Tribeca: The idea that the characters are trying to provide the voice of perfection is a really rich idea for comedy, because you have these characters who sound so perfect and project authority in their work, yet their lives are total messes. Was that contrast a big source of humor for you?
LB: Well, I'm interested in fallible characters. Writing comes from what you know and what you observe, and so to have these people taking on these fantasy voices and being so discombobulated in their own lives is great fodder for comedy. At the end of the day, voice-over is fantasy-driven for the listener as well as the doer.
You don't want anyone to be dying or freaking out on the set. So every department needs to be nurtured and cared for.
But yeah, that's a great observation. I loved - when I would go out and audition for voice-over - I would sit in a room with these cacophonous characters and think, this alone is compelling to me. Where do these people come from, what are their lives about? I never got the big jobs in voice-over. I wanted to. I thought I was going to be one of the great voice-over artists after drama school because we'd studied vocals so in depth, how to attack a dialect phonetically, all those things you see in the movie.
I had a demo and I came out to LA and tried to inject myself into that world, but it was so cliquey. I thought that was interesting - not only are they so specific with respect to what they do, but they're so specific as people. There's a real hierarchy there and it's not easily encroached on. It reminded me of my dad's business - he's in racecar driving. He owns racecar tracks and he's an amateur racer. I remember going as a little girl to the track and seeing the machismo, the egos there, and it's really a male-dominated sport. Being a little girl in that environment - or a woman - is a really interesting thing. I definitely used that world to fantasize about what it would be like to be one of the greats in this world.
Tribeca: You wrote, directed, and starred in the film, so I'm wondering how you compartmentalize those different parts of the creative process, through prep and production? And how all that affects your work with the other actors?
LB: Well, it's important to me that every department on the set feels comfortable - and all the actors. It requires an unbelievable amount of preparation and organization, making a film. It's so extensive. It started - unofficially - a year before I shot. I do maintain that moviemaking is fun and everyone should feel good. You don't want anyone to be dying or freaking out on the set. So every department needs to be nurtured and cared for, not just the cast. In terms of rehearsals - in the same way that I had a myriad of production meetings for my department heads, I did the same thing with cast. But cast, in a way, becomes something that happens more on the day.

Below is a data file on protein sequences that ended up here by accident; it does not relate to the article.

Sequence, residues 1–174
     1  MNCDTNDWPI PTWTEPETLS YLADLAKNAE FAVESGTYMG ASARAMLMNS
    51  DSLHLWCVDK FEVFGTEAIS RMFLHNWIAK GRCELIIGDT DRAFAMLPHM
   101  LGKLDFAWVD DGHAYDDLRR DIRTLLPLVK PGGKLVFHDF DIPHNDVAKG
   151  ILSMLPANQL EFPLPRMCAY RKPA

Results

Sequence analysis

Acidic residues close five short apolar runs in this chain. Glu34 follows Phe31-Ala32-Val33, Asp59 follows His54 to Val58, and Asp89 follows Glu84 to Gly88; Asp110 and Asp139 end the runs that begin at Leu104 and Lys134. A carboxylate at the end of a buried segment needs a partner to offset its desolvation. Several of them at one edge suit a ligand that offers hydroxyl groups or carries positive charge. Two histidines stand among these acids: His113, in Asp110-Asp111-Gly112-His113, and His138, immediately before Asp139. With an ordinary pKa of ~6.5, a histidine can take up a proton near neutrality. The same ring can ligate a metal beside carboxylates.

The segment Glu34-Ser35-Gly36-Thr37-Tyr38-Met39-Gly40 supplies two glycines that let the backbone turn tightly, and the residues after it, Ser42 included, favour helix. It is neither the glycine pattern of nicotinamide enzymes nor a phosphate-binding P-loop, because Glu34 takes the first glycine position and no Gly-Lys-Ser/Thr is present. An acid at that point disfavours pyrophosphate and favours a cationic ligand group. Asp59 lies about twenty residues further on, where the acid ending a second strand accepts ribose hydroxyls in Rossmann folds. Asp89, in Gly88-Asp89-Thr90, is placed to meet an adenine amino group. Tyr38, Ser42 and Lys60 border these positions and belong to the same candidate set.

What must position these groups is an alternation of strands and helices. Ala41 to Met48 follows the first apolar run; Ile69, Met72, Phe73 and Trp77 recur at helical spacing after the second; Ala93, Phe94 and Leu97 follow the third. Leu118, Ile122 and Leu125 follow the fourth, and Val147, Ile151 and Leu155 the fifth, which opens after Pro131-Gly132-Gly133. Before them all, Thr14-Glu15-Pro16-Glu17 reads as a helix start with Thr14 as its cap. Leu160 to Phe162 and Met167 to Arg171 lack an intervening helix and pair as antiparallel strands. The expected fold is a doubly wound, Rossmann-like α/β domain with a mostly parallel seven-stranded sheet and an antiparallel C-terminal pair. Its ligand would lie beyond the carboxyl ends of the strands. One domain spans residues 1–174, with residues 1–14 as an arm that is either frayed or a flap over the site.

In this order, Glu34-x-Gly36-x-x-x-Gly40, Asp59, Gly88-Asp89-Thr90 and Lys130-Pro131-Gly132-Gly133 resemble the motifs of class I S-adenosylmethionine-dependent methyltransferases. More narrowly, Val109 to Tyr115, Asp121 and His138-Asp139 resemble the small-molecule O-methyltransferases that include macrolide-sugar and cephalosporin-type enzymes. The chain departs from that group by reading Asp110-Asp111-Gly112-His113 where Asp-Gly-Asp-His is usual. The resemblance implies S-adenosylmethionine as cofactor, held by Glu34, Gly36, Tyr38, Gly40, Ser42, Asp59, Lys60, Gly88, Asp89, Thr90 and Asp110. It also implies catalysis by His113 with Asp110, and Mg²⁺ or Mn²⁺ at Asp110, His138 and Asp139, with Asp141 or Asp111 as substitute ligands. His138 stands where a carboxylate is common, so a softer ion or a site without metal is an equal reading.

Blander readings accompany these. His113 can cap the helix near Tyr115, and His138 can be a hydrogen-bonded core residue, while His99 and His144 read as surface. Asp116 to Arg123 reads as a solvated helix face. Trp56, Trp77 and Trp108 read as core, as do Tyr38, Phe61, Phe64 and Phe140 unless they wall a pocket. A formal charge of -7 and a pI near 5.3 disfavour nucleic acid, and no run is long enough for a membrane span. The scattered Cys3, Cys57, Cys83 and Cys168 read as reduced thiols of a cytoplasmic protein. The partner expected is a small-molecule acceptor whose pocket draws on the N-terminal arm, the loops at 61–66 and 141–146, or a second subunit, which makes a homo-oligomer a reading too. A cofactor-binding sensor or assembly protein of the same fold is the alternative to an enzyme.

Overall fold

We shot this in 20 days - we didn't have the luxury of rehearsing too much. We had a lot of dinners and lunches where I would say, hey, bring your scripts and we'll talk about characters and scenes. We did read-throughs, but I didn't have the time to overly rehearse it.
Some of these roles I wrote for specific people, so I knew it would fit in their mouth well. As for me, measuring my own performance, honoring it - you know, it was my own protagonist so I knew I would be doing myself a disservice if I let myself fail in that way - I took the script during prep for two weeks to an acting coach, Leslie Kahn, and I treated it as if someone else wrote it and I was working on a part that I'd gotten. I hadn't seen an acting coach in my time in LA - after drama school, the last thing you want to do is get into another intensive acting class - but for this I did it, because I wanted a space of objectivity.
I brought Michaela Watkins in with me in some of the sessions, so we could build that sisterly rapport. It was a lot of fun. There were a lot of moments where I didn't think of it as my script, but every once in a while I'd have an idea to change a line and write a note down. But that was very helpful. And I brought my friend Janicza Bravo - a great filmmaker - with me to some of the sessions with the acting coach, and she was kind of like my security blanket. That was a big help to me.